• quick way to get notified that your other Mac (maybe a server?) has some software updates available: swupd_remote_check.sh

  • A Hack to Index Notes, for Quicksilver

    First: A few presumptions; this is a hack:

    • You have at least some grasp of operating at the (Mac) command-line; ex: in Terminal.
      • For instance: ~ (tilde) is an abbreviation is for your homedir.
    • You know what Quicksilver is.
      • (Yes; Far as I know, it’s Mac only.)
    • Debugging your setup is up to you; at the moment, I have extremely limited availability to help.
      • Feel free to drop a note; on the off chance it’s possible, I will try to help.

    How to set it up

    1. A (bash) script to list the Titles of your Notes:
      • The code is in separate section below.
      • Save the script to ~/dump-note-titles.sh.
      • chmod it, to be executable:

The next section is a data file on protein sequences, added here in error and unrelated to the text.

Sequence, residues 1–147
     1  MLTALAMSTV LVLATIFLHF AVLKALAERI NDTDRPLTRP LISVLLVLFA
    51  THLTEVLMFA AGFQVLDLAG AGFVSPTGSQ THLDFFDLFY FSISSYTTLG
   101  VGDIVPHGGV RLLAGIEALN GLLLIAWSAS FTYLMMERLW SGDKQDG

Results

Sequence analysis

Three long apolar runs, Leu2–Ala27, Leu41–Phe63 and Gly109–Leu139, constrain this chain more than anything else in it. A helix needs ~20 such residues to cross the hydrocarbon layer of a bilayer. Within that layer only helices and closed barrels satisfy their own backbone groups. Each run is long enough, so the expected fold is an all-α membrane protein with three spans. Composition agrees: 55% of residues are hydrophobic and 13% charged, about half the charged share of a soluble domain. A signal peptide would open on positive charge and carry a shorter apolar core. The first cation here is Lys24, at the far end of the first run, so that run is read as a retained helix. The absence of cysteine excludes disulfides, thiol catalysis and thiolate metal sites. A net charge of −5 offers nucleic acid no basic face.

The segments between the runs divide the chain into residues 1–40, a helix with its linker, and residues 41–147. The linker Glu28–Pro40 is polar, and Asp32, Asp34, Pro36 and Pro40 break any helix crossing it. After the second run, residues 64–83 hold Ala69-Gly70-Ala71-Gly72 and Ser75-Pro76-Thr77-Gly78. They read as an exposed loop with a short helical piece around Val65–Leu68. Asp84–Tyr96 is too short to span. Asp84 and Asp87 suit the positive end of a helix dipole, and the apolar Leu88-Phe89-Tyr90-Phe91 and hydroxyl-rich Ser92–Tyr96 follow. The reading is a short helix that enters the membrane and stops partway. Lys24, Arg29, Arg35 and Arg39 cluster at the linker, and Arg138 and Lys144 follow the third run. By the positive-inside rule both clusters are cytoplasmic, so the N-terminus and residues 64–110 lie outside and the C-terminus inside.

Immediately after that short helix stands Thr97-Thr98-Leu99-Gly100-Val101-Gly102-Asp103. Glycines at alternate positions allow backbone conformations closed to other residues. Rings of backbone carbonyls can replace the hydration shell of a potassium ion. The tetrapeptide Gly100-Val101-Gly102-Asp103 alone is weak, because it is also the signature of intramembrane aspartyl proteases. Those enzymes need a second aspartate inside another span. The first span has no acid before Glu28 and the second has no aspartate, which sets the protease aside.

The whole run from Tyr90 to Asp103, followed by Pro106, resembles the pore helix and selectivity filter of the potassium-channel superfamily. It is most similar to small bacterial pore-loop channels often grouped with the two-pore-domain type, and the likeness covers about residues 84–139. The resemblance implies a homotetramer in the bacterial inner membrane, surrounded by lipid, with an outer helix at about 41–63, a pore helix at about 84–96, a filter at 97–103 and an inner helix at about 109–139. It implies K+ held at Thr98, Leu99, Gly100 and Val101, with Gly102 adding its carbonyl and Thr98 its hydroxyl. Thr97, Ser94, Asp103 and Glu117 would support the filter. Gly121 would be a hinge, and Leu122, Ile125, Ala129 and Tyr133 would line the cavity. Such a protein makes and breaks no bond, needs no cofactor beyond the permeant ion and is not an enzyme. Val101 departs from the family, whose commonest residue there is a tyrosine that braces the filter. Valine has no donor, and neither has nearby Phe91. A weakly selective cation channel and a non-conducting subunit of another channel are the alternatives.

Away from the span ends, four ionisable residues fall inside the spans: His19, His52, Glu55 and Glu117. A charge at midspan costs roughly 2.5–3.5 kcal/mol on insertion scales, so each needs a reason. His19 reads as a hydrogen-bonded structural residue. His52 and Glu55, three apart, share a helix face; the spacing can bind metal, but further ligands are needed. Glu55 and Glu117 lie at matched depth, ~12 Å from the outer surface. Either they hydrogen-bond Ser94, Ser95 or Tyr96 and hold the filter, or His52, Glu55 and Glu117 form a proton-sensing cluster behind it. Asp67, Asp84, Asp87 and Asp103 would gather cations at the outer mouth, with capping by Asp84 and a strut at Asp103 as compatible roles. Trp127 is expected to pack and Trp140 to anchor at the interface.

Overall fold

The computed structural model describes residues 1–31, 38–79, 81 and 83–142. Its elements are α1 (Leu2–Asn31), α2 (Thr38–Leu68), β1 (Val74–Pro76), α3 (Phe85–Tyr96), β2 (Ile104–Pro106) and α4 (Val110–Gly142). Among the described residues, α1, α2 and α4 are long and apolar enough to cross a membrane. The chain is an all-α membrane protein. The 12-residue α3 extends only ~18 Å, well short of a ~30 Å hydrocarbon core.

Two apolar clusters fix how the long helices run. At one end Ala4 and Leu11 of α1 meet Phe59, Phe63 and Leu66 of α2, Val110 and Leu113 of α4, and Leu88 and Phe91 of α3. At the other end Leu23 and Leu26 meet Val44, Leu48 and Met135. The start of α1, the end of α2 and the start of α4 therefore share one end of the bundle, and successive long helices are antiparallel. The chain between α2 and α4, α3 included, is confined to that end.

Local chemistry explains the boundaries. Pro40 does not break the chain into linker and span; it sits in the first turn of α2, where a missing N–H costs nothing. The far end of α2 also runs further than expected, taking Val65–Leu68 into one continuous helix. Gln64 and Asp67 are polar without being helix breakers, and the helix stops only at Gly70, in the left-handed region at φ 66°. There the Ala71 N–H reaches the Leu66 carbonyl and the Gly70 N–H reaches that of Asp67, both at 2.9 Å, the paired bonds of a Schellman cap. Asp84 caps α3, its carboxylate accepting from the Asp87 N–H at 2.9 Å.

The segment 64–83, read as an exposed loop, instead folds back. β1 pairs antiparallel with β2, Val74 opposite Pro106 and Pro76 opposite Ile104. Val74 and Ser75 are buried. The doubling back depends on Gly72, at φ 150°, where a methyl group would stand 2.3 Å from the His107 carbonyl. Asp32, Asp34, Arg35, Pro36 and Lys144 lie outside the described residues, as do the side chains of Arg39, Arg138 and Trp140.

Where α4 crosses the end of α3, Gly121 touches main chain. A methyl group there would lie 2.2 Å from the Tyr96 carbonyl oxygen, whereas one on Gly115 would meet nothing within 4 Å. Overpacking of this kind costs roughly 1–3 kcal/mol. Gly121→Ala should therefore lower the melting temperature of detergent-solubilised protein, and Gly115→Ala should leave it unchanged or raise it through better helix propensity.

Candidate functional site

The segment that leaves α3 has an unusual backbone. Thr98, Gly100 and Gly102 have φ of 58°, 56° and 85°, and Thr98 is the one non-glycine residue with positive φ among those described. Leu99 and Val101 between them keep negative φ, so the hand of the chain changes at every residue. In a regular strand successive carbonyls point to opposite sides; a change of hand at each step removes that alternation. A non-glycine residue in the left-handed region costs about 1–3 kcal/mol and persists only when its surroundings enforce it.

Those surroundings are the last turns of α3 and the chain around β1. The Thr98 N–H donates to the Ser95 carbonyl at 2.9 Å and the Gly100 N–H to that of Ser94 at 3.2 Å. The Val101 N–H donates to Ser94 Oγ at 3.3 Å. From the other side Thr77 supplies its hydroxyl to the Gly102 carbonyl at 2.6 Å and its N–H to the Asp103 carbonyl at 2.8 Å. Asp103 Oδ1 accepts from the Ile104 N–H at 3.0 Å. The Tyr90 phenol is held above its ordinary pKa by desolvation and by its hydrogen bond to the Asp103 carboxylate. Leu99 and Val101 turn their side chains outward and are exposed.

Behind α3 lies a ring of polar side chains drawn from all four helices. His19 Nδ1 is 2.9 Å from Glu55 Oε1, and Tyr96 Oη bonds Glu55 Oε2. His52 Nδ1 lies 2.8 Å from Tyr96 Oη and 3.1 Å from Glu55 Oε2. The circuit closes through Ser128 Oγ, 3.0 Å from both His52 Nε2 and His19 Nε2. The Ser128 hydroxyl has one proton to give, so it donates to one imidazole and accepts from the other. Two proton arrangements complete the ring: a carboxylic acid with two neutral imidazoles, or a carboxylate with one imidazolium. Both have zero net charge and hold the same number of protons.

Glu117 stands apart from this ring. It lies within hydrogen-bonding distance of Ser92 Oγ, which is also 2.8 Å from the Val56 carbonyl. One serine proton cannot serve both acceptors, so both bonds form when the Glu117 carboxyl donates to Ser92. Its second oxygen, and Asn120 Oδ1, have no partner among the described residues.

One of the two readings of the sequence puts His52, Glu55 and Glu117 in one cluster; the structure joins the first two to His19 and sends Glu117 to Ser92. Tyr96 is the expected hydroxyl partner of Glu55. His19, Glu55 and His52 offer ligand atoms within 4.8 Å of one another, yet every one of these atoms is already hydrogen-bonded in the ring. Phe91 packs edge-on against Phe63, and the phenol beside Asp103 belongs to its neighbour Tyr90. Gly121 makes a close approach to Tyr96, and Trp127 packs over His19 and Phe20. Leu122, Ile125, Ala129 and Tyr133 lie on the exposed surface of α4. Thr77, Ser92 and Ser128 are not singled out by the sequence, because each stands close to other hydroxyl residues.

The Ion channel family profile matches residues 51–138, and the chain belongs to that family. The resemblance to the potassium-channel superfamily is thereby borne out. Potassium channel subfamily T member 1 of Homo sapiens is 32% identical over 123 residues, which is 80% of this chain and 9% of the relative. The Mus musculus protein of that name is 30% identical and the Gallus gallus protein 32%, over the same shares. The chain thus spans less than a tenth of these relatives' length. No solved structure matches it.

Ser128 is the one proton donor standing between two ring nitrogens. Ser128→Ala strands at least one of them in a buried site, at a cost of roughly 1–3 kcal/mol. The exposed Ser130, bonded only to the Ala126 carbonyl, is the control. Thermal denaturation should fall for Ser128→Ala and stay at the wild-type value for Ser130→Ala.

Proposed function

chmod u+x ~/dump-note-titles.sh
      • Run it once, to seed the output file:
      • Open the ~/titles-from-notes-app.txt file which it generated.
        • It should have a list of the Titles of your Notes.
    2. Keep this up-to-date, via cron:
    3. Config QuickSilver to use this new “index”:
      • Add a Catalog entry, using File & Folder Scanner.
      • For the Path, select the ~/titles-from-notes-app.txt file generated by the script above.
      • For the Include Contents setting, select Text Lines.
    4. Config a new Quicksilver Action, to open Notes by title:
      • Open Script Editor.app.
      • Paste the code in - see the separate section below.
      • Save it, as open note by title.scpt (File format: Script), to your Quicksilver Actions directory.
        • Which is usually here: ~/Library/Application Support/Quicksilver/Actions/.